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Wait, Surety Bonds Aren’t Insurance?

By December 9, 2020June 28th, 2021No Comments
Contrary to popular belief, surety bonding is not insurance. What are the differences?

Three vs. Two Party Deal

When it comes to Surety, it’s a three-party deal:
  • Obligee (Project Owner) – The entity or person protected by the bond
  • Principal (Contractor) – The persons who obtain the bond
  • Surety (‘Insurance’ Company) – The entity that backs up the Principal and allows the bond to be issued
Whereas insurance is a two-party deal:
  • Insured – Person protected by Insurance Policy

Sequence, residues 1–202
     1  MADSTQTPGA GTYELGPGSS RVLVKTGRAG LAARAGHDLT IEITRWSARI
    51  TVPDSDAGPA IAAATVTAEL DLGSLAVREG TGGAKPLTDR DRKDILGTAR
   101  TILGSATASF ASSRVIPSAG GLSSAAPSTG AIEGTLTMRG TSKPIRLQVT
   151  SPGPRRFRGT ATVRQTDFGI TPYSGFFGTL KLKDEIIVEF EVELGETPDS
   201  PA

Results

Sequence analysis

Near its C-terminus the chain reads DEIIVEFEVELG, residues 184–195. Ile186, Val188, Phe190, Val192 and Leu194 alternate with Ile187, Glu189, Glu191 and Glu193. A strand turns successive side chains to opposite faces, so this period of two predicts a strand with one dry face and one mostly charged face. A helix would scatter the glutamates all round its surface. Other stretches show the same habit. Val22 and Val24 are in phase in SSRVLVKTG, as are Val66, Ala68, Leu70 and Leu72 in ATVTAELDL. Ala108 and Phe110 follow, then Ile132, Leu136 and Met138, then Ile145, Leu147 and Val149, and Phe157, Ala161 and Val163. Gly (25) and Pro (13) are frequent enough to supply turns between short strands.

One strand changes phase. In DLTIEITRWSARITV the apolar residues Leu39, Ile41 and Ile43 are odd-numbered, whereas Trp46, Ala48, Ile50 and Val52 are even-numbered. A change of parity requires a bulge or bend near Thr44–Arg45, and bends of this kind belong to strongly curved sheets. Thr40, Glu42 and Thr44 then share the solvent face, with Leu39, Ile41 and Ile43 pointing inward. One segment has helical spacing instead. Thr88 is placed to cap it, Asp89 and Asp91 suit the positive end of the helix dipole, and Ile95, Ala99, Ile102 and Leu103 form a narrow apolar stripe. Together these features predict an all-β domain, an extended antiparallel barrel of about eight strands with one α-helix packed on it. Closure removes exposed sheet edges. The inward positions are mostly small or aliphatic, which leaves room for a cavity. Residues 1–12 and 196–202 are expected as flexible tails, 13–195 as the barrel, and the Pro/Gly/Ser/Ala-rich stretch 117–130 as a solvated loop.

• Insurer – The entity that provides the insurance policy


Surety bonds are underwritten assuming that a loss will not occur. Insurance companies underwrite policies in anticipation of expected losses.  


Once a surety company agrees to write a bond, an indemnity agreement is signed and the bond is purchased. At that point, you’d enter a contract with the surety and are expected to fulfill your obligations according to the contract or statute that is in place. The process in insurance consists of purchasing insurance, which transfers the cost of a potential loss to the insurance company.  


A surety bond is a form of credit, so the principal is expected to pay any claims. When it comes to insurance, if a claim is paid, the insurance doesn’t typically expect to be paid back for the loss.
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